Scottish National Dictionary (1700–)
About this entry:
First published 1956 (SND Vol. IV). Includes material from the 2005 supplement.
This entry has not been updated since then but may contain minor corrections and revisions.
GROWTHIE, -Y, adj. [′grʌuθi]
1. Promoting growth, esp. of the weather; warm and moist (Cai. 1900 E.D.D.). Gen.Sc.Abd. 1768 A. Ross Helenore 58:
An' neist the sun to the hill heads did speal, An shed on plants an' trees a growthy heal.Bnff. 1812 D. Souter Agric. Bnff. App. 58–59:
Sandy fields, . . . being . . . warm and growthy, soon entertain the communications of the dung.Edb. 1888 Sc. Leader (3 May) 2:
We have had a week of good “growthy” weather, which has given a new appearance to the country.Bch. 1929 J. Milne Dreams o' Buchan 1:
A growthy season blessed my seeds Wi' warm rains an' sun an' dyowe.Sc. 1941 W. Soutar in Gsw. Herald (5 July):
Atween the gowdan licht And the guid earth's growthy hour The fractious nations fu' o' fecht Swurl by in stour.Abd. 1954 Abd. Press & Jnl. (10 May):
With mid-May now so near, farmers are wondering if ever the more “growthy” weather for which they have been sighing for weeks will come.
2. (1) Of vegetation: growing fast, luxuriant, of abundant growth; weedy (Abd.15 1928; Ork., ne.Sc., Ags., m.Lth., Bwk., Arg. 1955). Rarely applied to youths. Also fig. Also in n.Yks. dial.Ags. 1857 “Inceptor” Tom of Wiseacre 69:
It's no right to overwirk growthy creatures.Sc. 1879 P. H. Waddell Isaiah xvi. 10:
An' the daffin, it's dune; an' the glee, it's gane by, i' the growthy field.Hdg. 1892 J. Lumsden Sheep-head 302:
If anything, perhaps, the braird was a little too growthy and exuberant.Edb. 1917 T. W. Paterson Wyse-Sayin's xi. 28:
But the richteous'll be growthie like the leaves o' the spring.Sc. 1935 W. Soutar Poems in Scots 39:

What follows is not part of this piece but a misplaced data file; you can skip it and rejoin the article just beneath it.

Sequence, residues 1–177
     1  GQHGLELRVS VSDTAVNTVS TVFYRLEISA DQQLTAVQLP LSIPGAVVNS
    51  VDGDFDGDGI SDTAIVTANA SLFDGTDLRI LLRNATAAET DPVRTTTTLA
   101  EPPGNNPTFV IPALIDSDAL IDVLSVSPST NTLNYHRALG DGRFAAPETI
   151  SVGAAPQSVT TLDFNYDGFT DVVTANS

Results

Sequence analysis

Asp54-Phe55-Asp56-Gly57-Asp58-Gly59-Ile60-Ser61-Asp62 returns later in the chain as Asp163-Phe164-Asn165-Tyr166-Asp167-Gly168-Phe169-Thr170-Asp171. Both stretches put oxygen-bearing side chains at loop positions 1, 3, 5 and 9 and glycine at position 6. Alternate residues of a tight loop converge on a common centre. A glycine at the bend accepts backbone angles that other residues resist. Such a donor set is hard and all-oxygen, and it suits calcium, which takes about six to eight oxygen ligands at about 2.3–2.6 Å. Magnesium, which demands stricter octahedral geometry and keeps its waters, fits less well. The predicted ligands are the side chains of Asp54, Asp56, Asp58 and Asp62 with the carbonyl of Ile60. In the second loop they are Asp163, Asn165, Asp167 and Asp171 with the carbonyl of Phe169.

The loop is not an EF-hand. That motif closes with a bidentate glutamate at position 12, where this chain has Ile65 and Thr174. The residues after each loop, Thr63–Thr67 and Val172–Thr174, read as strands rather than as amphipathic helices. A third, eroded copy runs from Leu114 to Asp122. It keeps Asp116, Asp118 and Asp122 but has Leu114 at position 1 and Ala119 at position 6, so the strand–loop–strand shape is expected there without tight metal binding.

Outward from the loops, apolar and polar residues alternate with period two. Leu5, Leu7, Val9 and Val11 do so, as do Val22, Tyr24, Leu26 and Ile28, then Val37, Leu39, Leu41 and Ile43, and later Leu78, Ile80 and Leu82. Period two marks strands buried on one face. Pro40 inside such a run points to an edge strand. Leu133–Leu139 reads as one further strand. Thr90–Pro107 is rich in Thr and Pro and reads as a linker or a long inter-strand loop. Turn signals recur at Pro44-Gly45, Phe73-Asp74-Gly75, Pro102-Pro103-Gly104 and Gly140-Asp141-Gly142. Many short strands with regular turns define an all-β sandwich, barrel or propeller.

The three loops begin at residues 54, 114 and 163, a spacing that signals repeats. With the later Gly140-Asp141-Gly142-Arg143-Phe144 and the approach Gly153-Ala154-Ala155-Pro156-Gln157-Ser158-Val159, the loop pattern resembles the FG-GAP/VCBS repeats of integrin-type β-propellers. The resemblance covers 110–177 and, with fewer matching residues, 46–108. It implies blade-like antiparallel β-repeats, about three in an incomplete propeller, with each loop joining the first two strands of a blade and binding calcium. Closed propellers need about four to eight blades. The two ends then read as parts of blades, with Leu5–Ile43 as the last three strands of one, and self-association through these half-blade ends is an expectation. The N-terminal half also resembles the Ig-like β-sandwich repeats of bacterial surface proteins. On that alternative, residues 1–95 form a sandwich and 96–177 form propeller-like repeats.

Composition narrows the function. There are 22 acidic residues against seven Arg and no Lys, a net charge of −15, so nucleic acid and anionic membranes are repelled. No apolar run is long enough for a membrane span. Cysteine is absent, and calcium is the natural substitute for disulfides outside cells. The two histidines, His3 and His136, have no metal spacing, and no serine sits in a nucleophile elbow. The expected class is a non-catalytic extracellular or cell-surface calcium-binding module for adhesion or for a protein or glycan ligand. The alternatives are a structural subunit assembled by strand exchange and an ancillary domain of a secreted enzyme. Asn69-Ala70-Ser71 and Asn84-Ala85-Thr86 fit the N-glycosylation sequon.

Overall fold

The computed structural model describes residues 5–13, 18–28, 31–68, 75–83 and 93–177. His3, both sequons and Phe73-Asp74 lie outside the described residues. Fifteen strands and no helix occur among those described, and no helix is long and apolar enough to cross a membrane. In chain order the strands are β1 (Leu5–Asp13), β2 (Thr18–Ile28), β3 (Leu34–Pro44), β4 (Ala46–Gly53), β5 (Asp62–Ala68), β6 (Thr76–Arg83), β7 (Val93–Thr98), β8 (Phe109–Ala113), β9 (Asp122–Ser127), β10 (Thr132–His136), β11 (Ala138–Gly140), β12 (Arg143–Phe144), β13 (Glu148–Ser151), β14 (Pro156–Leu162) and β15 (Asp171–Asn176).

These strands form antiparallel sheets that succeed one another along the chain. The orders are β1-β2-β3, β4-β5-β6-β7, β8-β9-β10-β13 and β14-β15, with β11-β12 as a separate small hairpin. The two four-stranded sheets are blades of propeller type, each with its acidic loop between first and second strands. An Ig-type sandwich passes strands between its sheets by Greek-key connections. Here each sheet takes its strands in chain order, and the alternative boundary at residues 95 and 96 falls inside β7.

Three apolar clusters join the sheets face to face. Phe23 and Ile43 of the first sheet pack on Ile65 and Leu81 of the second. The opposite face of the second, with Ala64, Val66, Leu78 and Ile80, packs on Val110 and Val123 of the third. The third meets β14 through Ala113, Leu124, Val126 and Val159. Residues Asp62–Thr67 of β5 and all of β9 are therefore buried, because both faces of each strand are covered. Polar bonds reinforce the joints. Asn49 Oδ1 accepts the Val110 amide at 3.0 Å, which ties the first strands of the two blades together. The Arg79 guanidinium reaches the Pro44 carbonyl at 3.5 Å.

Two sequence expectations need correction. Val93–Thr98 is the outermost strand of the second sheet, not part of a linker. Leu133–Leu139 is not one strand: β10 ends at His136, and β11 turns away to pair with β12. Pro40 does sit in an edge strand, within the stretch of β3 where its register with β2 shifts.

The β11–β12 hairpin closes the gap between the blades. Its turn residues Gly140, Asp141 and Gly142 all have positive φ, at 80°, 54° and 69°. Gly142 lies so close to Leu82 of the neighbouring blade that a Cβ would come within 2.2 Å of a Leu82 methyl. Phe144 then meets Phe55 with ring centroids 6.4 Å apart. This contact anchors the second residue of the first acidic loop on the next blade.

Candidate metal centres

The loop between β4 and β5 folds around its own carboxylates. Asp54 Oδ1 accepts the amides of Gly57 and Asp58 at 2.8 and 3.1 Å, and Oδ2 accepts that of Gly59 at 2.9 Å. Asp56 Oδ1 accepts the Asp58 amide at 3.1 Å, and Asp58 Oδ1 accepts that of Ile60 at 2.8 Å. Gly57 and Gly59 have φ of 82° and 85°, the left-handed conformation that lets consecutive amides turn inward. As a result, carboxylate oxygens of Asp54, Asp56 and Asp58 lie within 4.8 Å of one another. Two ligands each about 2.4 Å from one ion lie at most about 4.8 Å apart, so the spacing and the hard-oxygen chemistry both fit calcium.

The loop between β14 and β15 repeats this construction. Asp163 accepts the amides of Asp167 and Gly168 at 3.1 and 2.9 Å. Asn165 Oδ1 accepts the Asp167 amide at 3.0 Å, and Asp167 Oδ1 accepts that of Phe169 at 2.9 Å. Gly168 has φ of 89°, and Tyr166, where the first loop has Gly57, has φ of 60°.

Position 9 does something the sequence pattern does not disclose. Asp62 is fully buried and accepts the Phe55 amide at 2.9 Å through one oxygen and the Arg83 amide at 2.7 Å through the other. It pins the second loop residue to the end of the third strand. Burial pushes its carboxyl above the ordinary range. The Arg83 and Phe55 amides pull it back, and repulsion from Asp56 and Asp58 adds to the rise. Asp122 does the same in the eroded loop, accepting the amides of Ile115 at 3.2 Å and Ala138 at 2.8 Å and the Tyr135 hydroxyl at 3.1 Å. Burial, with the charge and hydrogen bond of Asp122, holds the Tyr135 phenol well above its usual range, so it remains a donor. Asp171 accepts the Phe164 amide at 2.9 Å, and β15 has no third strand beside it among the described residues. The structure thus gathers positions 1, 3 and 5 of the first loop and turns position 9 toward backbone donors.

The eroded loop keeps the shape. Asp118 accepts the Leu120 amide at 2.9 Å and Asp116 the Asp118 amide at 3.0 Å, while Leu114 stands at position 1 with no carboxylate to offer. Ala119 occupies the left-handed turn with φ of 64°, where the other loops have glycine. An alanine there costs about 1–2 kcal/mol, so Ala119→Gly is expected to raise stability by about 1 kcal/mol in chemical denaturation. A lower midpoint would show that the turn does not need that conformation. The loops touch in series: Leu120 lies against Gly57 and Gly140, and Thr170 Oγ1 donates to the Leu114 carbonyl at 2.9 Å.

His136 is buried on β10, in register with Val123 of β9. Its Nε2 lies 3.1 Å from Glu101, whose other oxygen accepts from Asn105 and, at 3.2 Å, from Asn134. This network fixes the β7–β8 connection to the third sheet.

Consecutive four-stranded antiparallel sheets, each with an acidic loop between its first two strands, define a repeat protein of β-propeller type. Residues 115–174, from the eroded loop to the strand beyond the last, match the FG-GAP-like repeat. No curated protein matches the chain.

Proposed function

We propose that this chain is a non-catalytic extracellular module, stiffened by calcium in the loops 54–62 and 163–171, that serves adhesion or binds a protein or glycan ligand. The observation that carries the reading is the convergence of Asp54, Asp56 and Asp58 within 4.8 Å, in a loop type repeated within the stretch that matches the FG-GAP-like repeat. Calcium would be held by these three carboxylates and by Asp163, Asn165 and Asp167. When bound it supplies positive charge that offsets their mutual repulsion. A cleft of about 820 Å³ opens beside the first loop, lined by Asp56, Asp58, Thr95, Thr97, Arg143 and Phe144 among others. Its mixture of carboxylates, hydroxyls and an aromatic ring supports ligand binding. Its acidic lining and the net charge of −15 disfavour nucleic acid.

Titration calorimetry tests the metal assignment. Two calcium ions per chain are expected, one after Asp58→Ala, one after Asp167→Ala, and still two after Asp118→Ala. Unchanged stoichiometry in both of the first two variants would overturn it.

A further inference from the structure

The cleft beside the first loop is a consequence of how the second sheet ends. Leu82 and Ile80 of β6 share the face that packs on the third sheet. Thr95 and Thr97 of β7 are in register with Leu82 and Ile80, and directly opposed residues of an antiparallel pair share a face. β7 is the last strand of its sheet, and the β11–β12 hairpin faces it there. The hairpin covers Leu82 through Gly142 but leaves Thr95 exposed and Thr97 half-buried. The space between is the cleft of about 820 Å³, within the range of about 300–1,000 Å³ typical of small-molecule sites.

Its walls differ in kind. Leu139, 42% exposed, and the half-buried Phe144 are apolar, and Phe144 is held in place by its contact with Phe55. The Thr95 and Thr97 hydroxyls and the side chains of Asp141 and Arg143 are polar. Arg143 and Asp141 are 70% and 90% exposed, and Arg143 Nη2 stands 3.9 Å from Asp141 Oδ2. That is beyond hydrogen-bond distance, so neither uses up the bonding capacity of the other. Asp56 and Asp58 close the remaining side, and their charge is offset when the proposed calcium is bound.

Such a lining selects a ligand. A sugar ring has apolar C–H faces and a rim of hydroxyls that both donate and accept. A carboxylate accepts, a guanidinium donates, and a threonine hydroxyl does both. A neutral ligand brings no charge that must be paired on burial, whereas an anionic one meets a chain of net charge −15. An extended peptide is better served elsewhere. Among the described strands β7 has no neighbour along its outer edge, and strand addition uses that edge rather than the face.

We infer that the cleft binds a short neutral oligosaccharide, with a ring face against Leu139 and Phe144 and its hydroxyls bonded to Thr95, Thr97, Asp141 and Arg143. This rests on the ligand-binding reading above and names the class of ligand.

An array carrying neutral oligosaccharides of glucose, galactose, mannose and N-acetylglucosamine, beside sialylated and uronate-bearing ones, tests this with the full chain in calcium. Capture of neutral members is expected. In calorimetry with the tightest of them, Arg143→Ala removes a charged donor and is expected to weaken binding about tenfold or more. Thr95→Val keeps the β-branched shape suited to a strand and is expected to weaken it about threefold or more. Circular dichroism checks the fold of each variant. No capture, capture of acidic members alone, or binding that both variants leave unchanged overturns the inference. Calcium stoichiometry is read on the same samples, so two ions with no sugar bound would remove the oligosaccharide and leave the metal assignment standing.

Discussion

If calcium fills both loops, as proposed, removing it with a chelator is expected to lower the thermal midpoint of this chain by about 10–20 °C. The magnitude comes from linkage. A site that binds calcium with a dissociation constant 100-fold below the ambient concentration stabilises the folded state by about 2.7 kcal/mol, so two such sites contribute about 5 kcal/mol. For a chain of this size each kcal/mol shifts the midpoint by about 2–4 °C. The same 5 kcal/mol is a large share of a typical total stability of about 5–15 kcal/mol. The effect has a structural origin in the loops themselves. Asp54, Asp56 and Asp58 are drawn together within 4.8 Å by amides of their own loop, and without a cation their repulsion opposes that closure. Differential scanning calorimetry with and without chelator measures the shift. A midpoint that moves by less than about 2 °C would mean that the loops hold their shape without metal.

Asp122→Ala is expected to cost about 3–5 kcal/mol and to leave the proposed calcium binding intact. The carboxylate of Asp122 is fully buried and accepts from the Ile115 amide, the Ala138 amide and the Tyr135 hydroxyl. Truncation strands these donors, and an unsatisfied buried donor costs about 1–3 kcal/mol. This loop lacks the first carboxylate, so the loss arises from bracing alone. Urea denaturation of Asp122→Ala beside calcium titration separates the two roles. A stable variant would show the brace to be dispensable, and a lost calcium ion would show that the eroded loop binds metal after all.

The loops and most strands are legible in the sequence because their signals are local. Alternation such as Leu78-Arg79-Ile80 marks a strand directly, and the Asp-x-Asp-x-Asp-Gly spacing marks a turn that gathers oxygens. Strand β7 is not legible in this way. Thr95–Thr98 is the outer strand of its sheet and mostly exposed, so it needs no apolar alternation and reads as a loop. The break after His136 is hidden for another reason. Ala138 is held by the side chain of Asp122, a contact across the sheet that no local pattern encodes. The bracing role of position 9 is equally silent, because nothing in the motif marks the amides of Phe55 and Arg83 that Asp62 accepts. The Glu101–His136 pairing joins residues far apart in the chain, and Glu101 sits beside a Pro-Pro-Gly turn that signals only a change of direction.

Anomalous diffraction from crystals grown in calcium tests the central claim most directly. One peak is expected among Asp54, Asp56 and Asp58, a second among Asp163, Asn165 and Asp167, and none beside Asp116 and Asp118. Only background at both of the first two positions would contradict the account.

And aye the growthy tree outflang Its fullyery afore the sin.Abd. 1998 Sheena Blackhall The Bonsai Grower 18:
There wis a kailyaird forbye, weel-delled and growthie, wi aa kin o crap, frae green kail tae ticht pirls o sproots.
Hence (a) growthilie, adv., luxuriantly (Sc. 1825 Jam.); (b) growthiness, n., luxuriance (of vegetation) (Ib.; m.Lth., Bwk. 1955); also fig., prosperity; (c) growthy-tastit, adj., of potatoes: “having a taste peculiar to their beginning to sprout in spring” (Sc. 1911 S.D.D. Add.; ne.Sc., Ags. 1955).(b) Edb. 1917 T. W. Paterson Wyse-Sayin's xii. 12:
Ye maun tak a skance at the growthieness o' the richteous.
(2) Of persons or animals: capable of good growth, well-grown, thriving (Ork., Ags., Per., Fif., Arg., Kcb. 1955).Abd. 1839 J. Robertson Bk. Bon-Accord 91:
A rough, ragged, humle-headed, long, stowie, clever boy (by which is meant a growthie boy).Sc. 1886 C. Scott Sheep-farming 166:
Such [lambs] are not desirable, and neither are those that do not appear to be growthy.Per.4 1950:
Ye've some growthy young stirks there.
You may wish to vary the format shown below depending on the citation style used.
"Growthie adj.". Dictionary of the Scots Language. 2004. Scottish Language Dictionaries Ltd. Accessed 11 Dec 2023 <http://www.dsl.ac.uk/entry/snd/growthie>